"An inordinately intelligent sci-fi series in which the flaws only enhance its overall underdog appeal." — Geoff Berkshire, Variety



History Channel


Metascore: 74
Best for: Fans of historical series who are OK with a whole lot of blood on screen
Where to watch: 

, , , iTunes, ,
Seasons: 6

Viewers who like the epic battle scenes and flawed characters of Game of Thrones will likely enjoy the historical drama Vikings. The series is based on Ragnar Lodbrok, a famous farmer turned Viking leader who inspired thousands to follow him as he conquered lands and people. Starting with Ragnar (Travis Fimmel), the six-season drama expands to follow the adventures of Ragnar's children, who also have a penchant for bloody wars, big thrones, and memorable haircuts. 

"All involved are dedicated to the cause of making Vikings one of television's most striking series ... evolving from a guilty pleasure at first to a first-rate tale of substance and even subtlety mixed with the cold steel of primal warfare." — Ed Bark, Uncle Barky


James Marsden and Evan Rachel Wood in 'Westworld'



Metascore: 71
Best for: Sci-fi fans who want a show with an incredible ensemble cast and stunning landscapes
Where to watch:

, , , ,
Seasons: 4 (so far)

Although show creators Jonathan Nolan and Lisa Joy based their series on the 1973 film by Michael Crichton, the latest version of Westworld has established its own space in pop culture history. Boasting the most-watched first season in HBO history (yes, even bigger than Game of Thrones), Westworld uses an adult amusement park and thousands of androids to explore ethical questions around love, sex, violence, and personal redemption. Like Game of Thrones, Westworld does not pan away from moral dilemmas and disturbing subject matter, with storylines eventually expanding beyond the theme park to explore control and free will in regular society. Its large ensemble cast includes Thandiwe Newton, Evan Rachel Wood, and Jeffrey Wright.

"Vivid, thought-provoking television that entertains even as it examines the darker side of entertainment." — Mary McNamara, Los Angeles Times


Grogu and Mando in 'The Mandalorian'


The Mandalorian

Metascore: 71
Best for: Star Wars fans and anyone who enjoys action mixed with sci-fi
Where to watch:

Seasons: 2 (so far)

Do you want characters and planets with complex and detailed backstories and histories that rival the Seven Kingdoms? The Jon Favreau space-themed Western has a galaxy of them. Pedro Pascal plays the titular Mandalorian, a bounty hunter tasked with retrieving and eliminating Grogu. But not even a trained fighter can resist the cuteness of Baby Yoda. That is not the way. Instead, Mando and his little green friend set off on a series of adventures in a quest to protect The Child. In love with The Mandalorian, you may fall.

"This is a visually stunning, consistently entertaining space-spaghetti-Western serial." — Richard Roeper, Chicago Sun-Times


'The Borgias'


The Borgias

Metascore: 69
Best for: Fans of historical dramas who are okay with a whole lot of nudity and sex
Where to watch:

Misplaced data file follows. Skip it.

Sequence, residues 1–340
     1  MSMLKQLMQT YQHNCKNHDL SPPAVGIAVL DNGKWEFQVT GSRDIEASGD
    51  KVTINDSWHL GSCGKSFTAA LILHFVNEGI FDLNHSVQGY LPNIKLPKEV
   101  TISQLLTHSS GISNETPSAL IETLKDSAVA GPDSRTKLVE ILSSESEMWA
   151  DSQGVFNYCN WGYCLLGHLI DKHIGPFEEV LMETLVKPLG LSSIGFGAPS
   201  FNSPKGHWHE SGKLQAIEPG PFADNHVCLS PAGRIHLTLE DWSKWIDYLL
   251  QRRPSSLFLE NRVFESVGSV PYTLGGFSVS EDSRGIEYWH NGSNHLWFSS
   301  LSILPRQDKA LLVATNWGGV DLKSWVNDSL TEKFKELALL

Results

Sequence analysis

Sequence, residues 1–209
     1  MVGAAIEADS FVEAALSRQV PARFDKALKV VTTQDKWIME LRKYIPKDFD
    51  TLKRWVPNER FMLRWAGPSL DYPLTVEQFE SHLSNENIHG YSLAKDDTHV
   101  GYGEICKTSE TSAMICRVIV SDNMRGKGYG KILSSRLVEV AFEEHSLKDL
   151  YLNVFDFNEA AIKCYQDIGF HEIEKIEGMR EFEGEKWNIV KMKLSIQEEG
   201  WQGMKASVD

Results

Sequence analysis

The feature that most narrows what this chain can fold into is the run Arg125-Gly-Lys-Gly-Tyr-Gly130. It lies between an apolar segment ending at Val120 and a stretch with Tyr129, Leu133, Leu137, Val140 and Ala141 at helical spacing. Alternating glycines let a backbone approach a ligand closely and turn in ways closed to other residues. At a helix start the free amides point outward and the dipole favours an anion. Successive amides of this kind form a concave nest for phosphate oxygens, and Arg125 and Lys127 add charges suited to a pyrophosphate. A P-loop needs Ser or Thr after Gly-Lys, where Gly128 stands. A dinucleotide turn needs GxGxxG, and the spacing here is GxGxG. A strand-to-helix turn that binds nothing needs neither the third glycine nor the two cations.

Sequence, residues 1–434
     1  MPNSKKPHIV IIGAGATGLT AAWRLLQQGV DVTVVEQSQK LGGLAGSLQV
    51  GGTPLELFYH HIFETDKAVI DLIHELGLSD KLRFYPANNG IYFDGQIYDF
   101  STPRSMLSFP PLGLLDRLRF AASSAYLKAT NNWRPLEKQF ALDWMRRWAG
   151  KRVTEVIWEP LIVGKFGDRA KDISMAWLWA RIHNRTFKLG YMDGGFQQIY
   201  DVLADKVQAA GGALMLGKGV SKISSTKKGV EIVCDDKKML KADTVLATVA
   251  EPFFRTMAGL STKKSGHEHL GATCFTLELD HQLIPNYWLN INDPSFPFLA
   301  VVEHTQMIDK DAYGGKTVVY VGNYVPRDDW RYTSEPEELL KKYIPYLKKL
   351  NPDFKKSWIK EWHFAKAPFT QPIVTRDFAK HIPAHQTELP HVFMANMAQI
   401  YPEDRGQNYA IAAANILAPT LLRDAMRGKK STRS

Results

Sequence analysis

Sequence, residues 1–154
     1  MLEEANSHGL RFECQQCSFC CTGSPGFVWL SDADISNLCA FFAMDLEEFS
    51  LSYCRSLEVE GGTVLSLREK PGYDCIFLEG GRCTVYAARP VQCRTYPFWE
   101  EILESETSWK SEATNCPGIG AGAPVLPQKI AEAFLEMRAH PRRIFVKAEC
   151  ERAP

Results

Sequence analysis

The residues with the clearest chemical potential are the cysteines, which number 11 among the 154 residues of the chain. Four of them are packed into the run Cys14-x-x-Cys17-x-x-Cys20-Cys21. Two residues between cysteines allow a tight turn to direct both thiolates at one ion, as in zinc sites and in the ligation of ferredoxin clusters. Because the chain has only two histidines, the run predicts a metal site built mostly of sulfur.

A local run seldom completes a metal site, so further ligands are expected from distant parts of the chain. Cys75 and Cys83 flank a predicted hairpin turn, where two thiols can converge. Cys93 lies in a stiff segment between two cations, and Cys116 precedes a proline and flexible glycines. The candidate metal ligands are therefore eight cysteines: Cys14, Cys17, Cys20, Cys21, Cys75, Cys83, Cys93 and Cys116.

, , , , Netflix, ,
Seasons: 3

Game of Thrones fans who are comfortable with the show's penchant for nudity and sex scenes will likely be titillated and educated by Showtimes' The Borgias. The historical drama fictionalizes the story of the Borgia family, who wielded their power throughout Italy to take over the church and rule those around them with no regard for human life. Created by director Neil Jordan, the bloody, violent, and dramatic series stars Jeremy Irons as the very sinful Pope Alexander VI. We don't remember our history textbooks being this entertaining.

"This glossy, gossipy look at the Renaissance in the time of Machiavelli isn't a history lesson, it's a lurid family drama that happened to change the course of history." — Alessandra Stanley, The New York Times


Henry Cavill in 'The Witcher'


The Witcher

Metascore: 62
Best for: Drama fans who enjoy the fantasy, battle (and boobs) of Game of Thrones
Where to watch: Netflix
Seasons: 2 (so far)

The Witcher is one of the closest shows to GOT in terms of looks and feel, but with slightly fewer characters to track. Multiple timelines exist and eventually converge in the book-turned-TV fantasy series, which stars Henry Cavill as the monster Geralt of Rivia, aka The Witcher; Freya Allan as Princess Ciri; and Anya Chalotra as the half-elf, half-sorceress Yennefer of Vengerberg. Epic battle scenes and evil characters abound in the Netflix series, which also has a big dose of magic. Plus, there's a lot of snow and terrifying trees, two things fans of Game of Thrones know well.

"Into the absence left by Game of Thrones strides The Witcher, perhaps the most credible of several recent attempts to capture its predecessor's robust claim on audience affections." — Daniel D'Addario, Variety


'The Wheel of Time'

Prime Video

The Wheel of Time

Metascore: 55
Best for: Fantasy fans who want an easily digestible fantasy story
Where to watch:

Seasons: 1 (so far)

Adapted from Robert Jordan's best-selling book series of the same title, The Wheel of Time is Game of Thrones-lite, with fight scenes and landscapes that, while impressive, are not of the same quality as the HBO drama. Set in a medieval-inspired fictional period, the show has a welcomed feminist slant that cements women as the most powerful beings in the world. Rosamund Pike stars as Moiraine, a high-ranking member of the magical Aes Sedai sect. Moiraine's quest to find the next Dragon leads her to a small village where five lifelong friends will find out whether they are the chosen one who will save or destroy the world.

"The writers keep the plot wheel turning as characters are chased from one location to the next, action is adequately sequenced, and magic is performed (albeit rendered goofily)." — Chancellor Agard, Entertainment Weekly